The standard recommended intake for protein is about .8 – 1.2 grams/ per pound of bodyweight, however to make math easy we simply stick with 1 gram per pound of body weight. For example, if you weigh 140 lbs then you’ll want to plan on consuming 140 grams of protein. Protein is equal to 4 kcal/gram, therefore equalling 560 calories of your daily total calories consumed.

After adding the calories from carbs and proteins, subtract it from your daily total calories, 1500-1800 for this example, and the remaining amount of calories should be consumed in healthy fats. We recommend a range of 20-40% of your daily calories come from fat. Fat is equal to 9 kcal/gram.

Now once again, the art of weight loss comes in finding the amounts and ranges that work for you.

Planning Your Micronutrients

Micronutrients are much more difficult to track (follow FDA guidelines for daily allowance) and so for simplicity we simply tell our clients to focus on three things.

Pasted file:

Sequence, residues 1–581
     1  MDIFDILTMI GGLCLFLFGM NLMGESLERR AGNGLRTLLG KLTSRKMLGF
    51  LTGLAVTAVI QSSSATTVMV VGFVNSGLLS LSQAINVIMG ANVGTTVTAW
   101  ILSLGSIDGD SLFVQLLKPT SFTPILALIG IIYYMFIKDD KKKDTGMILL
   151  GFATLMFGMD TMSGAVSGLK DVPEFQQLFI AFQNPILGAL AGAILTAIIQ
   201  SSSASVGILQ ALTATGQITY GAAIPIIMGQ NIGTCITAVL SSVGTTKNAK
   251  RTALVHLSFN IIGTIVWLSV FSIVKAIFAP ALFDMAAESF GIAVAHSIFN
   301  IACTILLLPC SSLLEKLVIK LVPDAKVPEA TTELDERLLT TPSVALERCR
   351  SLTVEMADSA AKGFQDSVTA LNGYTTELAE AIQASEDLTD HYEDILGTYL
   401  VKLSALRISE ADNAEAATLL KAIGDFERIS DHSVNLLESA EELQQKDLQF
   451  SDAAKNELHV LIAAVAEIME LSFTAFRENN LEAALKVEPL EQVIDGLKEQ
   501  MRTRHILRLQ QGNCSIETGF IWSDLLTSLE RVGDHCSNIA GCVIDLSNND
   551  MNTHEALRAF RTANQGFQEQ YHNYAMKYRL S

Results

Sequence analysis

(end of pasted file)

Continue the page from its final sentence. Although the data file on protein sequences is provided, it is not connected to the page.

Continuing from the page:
1. Quality – Eat the highest quality of food you can find. Avoid foods, drinks, and other substances that “take away” from your health as much as you can at each meal. Eat more organic, grass fed, wild caught, pastured and other quality labeled foods.
  2. Variety – Fill your plate with a variety of colors. Make each meal colorful with a variety of fruits, vegetables, and other high quality foods.
  3. Seasonality – Try new and different foods. “In season” foods are picked when they’re most nutritionally abundant, which means each season brings its own unique micronutrient profile. I recommend exploring more foods and experiencing different combinations of foods and recipes.

Summarizing Weight Loss

I’m sure that may seem like a lot of information, however it essentially comes down to you doing the following three things:

  1. Achieve a caloric deficit.
  2. Integrate the mix of carbs, proteins and fats you believe works for you.
  3. Eat a variety of the best foods you can in order to achieve the above targets.

Want a more formal assessment of your specific calories, macros, and nutrition, feel free to email me here to setup a consultation.